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Bedrock Linux 1.0alpha1 Appa

Configuration Instructions for Bedrock Linux 1.0alpha1

  1. rc.conf
    2. HWCLOCK
    3. LANG
    5. BRPATH
    6. AUTO_BRS
  2. capchroot.allow
  3. brclients.conf
    1. path
    2. update
    3. mount
    4. fstab
  4. .brsh.conf
  5. rcS.clients and rcK.clients


The rc.conf file is located at /opt/bedrock/etc/rc.conf. This is sourced as a bourne shell script, so be careful with your syntax - there should be no spaces around the equals signs used for establishing a setting. Change the text to the right of the equals sign to set the value.


Sets timezone, using the POSIX TZ environmental variable standard. Should be in the form of


For example:



Sets whether the hardware clock is set to local time or UTC. Traditionally *nix systems use UTC, but Windows uses local. If you are dual-booting with Windows, local may be preferable. Set to LOCAL or UTC accordingly.


Sets language.


Bedrock uses mdev to manage device files in /dev. However, some applications - such as X11 - are signed to work specifically with udev and no other device manager. If DEVICE_MANAGER is set to udev, and it finds udev available in client, it will attempt to switch to udev during boot.


This sets the path in which client commands will be made available in other clients. This should be unique to the client and not shared via bind mounting. The default is /usr/local/brpath.


When first attempting to access a client, Bedrock will have to set up the various items which should be shared. If this is done at the last second, it will cause a slight delay. Setting AUTO_BRS=1 will have Bedrock run brs in the background at boot and after every brc, ensuring that, when one tries to access a client, it will already be set up.


If BR_CREATE_MISSING=1, and Bedrock finds a client is missing a file or directory which needs to be bind mounted onto to share, Bedrock will attempt to create it automatically.


If AUTO_BRS is not set to 1, brc will occasionaly have to set up clients. If BRC_MOUNT_WARN is set to once, brc will notify the user that a slight delay may be noticed as it sets up the client in these instances. If BRC_MOUNT_WARN is set to all, it will print out a notice for every item it needs to mount.


In order to ensure chrooting is not used as a priviledge exploit or otherwise abused yet still accessible to non-root users, capchroot limits the directories which can be accessed by those listed in this file. Simply list the directories each client is in in the file located at /opt/bedrock/etc/capchroot.allow.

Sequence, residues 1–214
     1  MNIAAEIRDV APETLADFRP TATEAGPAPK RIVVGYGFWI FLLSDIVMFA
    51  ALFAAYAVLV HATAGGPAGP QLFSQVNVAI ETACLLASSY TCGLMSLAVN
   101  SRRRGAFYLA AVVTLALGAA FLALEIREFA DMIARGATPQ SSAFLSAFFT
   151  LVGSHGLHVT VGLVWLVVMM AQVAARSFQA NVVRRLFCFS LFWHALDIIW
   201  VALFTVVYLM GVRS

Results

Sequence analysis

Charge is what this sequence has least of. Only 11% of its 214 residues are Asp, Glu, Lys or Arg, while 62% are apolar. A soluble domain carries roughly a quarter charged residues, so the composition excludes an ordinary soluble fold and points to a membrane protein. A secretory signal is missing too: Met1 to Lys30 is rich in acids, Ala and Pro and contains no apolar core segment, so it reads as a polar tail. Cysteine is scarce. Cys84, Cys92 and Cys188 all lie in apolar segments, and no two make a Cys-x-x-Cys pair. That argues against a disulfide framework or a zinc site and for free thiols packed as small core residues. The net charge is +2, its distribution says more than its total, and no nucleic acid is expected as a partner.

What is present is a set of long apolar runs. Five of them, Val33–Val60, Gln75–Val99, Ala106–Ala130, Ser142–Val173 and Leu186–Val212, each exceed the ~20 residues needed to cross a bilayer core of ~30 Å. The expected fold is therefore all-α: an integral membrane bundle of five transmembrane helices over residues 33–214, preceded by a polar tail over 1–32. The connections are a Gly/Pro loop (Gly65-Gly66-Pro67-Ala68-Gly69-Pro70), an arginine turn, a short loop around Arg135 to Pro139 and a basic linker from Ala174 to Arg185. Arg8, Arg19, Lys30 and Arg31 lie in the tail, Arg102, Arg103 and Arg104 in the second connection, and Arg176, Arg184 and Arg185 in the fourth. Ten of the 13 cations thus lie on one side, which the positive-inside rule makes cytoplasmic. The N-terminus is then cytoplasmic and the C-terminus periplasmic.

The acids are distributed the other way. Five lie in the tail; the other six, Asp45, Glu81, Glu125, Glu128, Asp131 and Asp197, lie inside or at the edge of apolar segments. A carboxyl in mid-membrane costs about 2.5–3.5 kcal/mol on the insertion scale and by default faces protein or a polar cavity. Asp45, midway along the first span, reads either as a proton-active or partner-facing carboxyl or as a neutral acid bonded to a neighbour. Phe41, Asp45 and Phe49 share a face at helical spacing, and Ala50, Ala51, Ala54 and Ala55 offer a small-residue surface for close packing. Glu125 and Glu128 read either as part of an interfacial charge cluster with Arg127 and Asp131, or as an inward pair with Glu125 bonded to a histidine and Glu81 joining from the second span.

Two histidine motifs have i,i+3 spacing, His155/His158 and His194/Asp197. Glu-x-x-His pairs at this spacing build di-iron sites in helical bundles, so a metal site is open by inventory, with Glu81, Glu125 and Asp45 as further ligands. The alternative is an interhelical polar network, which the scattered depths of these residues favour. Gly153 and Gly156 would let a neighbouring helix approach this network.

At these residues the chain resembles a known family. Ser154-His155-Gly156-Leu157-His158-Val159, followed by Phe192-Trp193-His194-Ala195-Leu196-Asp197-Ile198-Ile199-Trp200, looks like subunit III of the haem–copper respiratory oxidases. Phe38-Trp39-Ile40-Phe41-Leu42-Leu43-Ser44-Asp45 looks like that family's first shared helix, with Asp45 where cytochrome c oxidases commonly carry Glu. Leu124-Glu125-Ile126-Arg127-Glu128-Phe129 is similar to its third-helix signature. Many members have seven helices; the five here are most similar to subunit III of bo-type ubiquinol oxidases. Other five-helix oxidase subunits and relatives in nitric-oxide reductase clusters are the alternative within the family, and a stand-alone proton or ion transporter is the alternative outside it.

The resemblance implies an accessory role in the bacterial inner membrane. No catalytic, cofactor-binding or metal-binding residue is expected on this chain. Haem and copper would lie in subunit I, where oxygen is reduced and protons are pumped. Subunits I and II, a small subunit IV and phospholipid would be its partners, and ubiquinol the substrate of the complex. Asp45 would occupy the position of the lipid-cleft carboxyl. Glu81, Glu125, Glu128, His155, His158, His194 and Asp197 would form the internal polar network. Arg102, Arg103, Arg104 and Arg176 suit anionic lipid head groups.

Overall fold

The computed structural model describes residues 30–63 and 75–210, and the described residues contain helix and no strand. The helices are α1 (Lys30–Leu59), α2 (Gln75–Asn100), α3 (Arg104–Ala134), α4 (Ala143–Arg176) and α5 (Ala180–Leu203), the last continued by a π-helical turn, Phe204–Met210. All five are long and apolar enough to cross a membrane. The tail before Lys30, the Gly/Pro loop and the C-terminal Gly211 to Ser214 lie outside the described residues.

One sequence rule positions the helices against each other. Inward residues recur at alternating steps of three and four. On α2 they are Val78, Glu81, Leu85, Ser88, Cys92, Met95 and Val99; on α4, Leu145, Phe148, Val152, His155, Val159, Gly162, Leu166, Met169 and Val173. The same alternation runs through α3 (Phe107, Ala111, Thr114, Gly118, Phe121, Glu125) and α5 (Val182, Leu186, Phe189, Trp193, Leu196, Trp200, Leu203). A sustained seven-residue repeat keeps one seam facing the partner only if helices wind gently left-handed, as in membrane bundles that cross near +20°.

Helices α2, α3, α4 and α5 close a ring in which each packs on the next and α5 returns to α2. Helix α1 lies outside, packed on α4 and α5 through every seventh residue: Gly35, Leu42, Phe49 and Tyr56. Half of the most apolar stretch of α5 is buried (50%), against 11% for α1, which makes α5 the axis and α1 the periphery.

Future versions of Bedrock will merge this file into brclients.conf.


Located at /opt/bedrock/etc/brclients.conf, brclients.conf contains information about the Bedrock clients needed by the various Bedrock utilities.

Each's section should start with the clients name between square brackets. The clients configuration options all start with a keyword, followed by whitespace, followed by the configuration option.


This sets the path to the client from a parent client.


Sets a command used to update the client. To run multiple commands, put each command on its own update line rather than attempting to combine them with semicolons or double-ampersands. If the client cannot be updated through simple commands (such as the core Bedrock itself) or you would rather it not be updated for some other reason, you can leave out the update lines.


To set an item which should be shared, simply use mount followed by whitespace and the path of the item.


path /var/chroot/squeeze
update apt-get update
update apt-get upgrade
mount /proc
mount /sys
mount /home


In order to ensure non-root users can set up clients, each item which needs to be shared should be set it /etc/fstab with the option user and possbily noauto.


To use the Bedrock Linux meta-shell brsh, create a file in your home directory called .brsh.conf which contains the contents that should be in your $SHELL environment. For example, if you would like to use bash, have ~/.brsh.conf include /bin/bash.

rcS.clients and rcK.clients

To have a client daemon start or stop at boot/shutdown, place the relevant command to do this in /etc/init.drcS.clients and /etc/init.drc/K.clients, respectively. For example, to start Debian squeeze's cups daemon at boot, place the following in your /etc/init.d/rcS.clients:

brc squeeze /etc/init.d/cups start